EDITORIAL: Religion and charity

It’s likely that more than a few people will be irked after reading that a local school abandoned a charitable project ...

It’s likely that more than a few people will be irked after reading that a local school abandoned a charitable project due to religious concerns.

Operation Christmas Child is an annual drive staged by Samaritan’s Purse, an evangelical Christian organization. Participants in OCC pack shoeboxes with toys, school supplies, hygiene products and other items, which are shipped to kids in a dozen different countries.

Dr. Thomas A. Swift Elementary will no longer participate in the program, after the school’s principal became aware that the effort may contravene the B.C. School Act, which requires that public schools be operated as secular institutions.

Initially, it was thought that religious materials were included in the gift boxes, although that turned out not to be the case. However, the shoeboxes are distributed at Christian events, and related books and pamphlets are offered in the course of those, which can be declined.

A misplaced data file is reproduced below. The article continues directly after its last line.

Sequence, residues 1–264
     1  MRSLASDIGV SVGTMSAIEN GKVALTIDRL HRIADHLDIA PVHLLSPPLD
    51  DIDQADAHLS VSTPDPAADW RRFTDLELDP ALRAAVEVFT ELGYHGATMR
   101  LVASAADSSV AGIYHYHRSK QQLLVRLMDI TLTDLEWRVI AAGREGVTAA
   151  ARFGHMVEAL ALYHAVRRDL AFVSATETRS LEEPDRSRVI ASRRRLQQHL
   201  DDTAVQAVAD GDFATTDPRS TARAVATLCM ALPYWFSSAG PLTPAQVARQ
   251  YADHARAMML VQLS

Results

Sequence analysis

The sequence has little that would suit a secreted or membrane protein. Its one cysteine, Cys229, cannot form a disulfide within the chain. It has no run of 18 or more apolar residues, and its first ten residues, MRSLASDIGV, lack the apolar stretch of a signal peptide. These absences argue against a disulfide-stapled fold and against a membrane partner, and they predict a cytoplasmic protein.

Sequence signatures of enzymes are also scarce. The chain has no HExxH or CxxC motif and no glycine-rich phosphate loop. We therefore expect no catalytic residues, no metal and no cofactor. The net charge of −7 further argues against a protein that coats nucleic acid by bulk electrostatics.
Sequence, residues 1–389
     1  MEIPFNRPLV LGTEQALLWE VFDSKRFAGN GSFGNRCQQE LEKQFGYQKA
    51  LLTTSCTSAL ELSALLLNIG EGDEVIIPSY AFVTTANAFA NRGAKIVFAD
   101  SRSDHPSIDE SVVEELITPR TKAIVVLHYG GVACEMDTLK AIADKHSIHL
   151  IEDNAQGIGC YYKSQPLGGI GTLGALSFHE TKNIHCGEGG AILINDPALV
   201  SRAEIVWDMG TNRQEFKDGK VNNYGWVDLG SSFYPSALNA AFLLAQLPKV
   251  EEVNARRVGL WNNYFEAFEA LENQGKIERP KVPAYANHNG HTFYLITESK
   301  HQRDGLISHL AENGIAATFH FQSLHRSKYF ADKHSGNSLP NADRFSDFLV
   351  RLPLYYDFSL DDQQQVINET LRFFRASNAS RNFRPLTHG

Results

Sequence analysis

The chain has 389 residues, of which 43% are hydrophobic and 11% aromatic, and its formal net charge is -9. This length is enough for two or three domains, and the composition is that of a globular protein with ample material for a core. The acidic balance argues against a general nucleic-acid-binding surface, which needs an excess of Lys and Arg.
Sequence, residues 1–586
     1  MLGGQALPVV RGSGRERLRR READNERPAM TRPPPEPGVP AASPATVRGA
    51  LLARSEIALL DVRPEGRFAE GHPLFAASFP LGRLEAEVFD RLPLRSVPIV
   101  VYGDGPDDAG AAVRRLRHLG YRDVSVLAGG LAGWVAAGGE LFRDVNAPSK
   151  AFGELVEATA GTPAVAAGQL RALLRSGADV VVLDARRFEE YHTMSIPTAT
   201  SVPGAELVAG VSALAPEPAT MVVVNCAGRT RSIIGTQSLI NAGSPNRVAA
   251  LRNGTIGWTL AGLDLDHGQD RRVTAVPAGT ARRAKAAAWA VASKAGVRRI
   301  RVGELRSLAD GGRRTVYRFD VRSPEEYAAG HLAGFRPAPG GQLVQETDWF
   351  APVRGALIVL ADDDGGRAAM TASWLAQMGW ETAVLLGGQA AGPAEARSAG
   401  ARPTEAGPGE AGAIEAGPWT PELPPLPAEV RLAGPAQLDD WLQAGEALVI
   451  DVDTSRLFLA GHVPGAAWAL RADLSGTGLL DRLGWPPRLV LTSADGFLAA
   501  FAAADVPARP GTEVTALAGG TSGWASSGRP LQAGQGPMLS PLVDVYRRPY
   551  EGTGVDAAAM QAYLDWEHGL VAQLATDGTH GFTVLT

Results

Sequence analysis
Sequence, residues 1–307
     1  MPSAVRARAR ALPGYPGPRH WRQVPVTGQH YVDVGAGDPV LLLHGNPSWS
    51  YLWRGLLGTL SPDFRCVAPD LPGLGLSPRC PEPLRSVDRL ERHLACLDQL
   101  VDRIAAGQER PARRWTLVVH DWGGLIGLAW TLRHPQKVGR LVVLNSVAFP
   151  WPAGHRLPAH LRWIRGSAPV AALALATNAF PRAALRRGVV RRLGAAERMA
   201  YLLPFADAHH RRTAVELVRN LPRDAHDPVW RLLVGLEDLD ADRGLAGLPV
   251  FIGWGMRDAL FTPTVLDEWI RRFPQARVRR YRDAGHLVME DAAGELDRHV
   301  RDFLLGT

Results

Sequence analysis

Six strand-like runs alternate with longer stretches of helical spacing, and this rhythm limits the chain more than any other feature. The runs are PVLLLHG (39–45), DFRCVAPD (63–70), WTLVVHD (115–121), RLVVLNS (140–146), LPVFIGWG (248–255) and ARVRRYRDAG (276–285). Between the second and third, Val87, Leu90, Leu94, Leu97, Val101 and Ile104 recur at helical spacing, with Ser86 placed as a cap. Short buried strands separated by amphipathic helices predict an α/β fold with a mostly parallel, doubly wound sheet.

Many of the boxes are distributed in Muslim-majority West African countries.

Certainly, parents there can avoid having their children attend the Christian events, but that means missing out on the charitable gift. Therein lies the problem – and the possible contravention of the School Act.

One local student posed the question of why religion had any bearing on the initiative – why can’t people just help other people?

Why indeed? Many Christian organizations do exactly that, with local and overseas programs such as food distribution that do not require attendance at special religious events, or exposure to evangelizing or associated materials.

There is plenty of opportunity to spread the Christian belief without requiring attendance to receive charity – especially if that charity was undertaken with help from public schools, and the secular laws governing them.

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